Washers are more efficient, but that's mostly in terms of water usage. Most dryers still work by blowing hot air, and there's only so much you can do with that; mostly just moisture sensors. (I suspect there's some new dryer tech a few years out; this has been getting some attention.)

    Also, there are still appliance shortages, so I'd at least attempt to repair, through calling in a professional.

  • CptHamiltonCptHamilton Registered User regular
    edited May 7
    Corvus wrote: »
    see317 wrote: »
    Courtesy of best-of-zillow, a house whose interior really needs to calm down a bit.

    https://www.rew.ca/properties/3288935/2761-e-24th-avenue-vancouver-bc#

    I'm not sure exactly which side of the line it falls on, between hoarder on one side, and overenthusiastic amateur museum curator on the other, but it's a close thing.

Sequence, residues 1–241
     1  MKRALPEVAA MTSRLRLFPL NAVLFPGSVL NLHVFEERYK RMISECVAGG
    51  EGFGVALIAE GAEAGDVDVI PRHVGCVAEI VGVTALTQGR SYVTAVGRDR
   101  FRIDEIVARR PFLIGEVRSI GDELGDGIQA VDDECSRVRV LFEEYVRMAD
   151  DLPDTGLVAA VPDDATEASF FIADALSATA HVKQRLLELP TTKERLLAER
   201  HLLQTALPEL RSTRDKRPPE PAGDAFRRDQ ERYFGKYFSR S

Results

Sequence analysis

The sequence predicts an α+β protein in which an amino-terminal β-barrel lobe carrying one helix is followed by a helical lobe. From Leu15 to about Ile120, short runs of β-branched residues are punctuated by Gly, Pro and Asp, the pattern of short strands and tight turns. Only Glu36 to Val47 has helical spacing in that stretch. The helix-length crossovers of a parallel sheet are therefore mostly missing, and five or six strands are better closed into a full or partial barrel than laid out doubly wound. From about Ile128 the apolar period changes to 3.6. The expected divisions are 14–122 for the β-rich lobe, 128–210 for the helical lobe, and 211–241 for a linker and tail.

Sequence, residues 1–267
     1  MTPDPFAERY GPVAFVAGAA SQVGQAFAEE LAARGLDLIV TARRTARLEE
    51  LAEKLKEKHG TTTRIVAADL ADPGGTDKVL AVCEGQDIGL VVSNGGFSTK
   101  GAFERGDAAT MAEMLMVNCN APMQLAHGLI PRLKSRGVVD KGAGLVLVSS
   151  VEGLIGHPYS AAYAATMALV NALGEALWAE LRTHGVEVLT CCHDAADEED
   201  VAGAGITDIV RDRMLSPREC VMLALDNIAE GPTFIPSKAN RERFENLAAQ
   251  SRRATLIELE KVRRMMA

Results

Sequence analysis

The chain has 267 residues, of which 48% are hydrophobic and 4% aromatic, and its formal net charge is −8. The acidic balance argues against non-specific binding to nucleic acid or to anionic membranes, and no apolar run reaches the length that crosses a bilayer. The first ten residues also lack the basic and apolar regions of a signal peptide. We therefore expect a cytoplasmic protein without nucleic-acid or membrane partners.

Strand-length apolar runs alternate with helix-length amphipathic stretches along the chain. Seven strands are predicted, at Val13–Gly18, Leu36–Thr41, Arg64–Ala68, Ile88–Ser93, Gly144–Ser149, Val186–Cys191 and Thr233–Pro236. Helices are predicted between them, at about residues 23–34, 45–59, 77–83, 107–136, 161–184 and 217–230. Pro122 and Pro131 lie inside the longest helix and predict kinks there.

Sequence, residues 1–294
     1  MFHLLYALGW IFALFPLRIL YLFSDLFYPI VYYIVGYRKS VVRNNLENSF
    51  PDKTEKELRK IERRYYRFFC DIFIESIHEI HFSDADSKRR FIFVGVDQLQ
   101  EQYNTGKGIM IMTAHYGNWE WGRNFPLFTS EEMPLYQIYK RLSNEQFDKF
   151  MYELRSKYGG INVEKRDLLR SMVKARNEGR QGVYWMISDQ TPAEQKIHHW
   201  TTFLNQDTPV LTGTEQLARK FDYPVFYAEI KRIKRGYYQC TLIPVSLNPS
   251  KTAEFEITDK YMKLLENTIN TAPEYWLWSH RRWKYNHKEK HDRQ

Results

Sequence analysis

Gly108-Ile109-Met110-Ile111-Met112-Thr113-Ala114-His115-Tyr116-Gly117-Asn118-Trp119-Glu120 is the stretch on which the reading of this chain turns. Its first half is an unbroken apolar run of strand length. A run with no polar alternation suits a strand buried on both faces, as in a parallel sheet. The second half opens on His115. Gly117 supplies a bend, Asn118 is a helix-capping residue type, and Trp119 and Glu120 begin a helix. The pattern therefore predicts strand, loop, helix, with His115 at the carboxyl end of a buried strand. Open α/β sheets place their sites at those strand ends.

1.5 million, and no cave? WTF, Canada?

    That's a cheap house for Vancouver.

    Here's it's property assessment: https://www.bcassessment.ca//Property/Info/QTAwMDAwMlpOOA==

    Land value is a hell of a drug here. Like, that will probably sell for way over asking, get demolished, have a new house built and be sold for over 2.5 million.

    Who buys these things? Like, I'm technically a 1%er and I sure as shit can't afford to buy a 2.5mil house. And certainly would not buy a 2.5 mil house that size. Is Vancouver just populated by people who inherited their land mixed with the 0.1%? Or is this where the people from HGTV go who are a married couple, one a self-employed cat manicurist and the other a professional light-bulb installer, with four children and a maximum budget of 4.3 million dollars?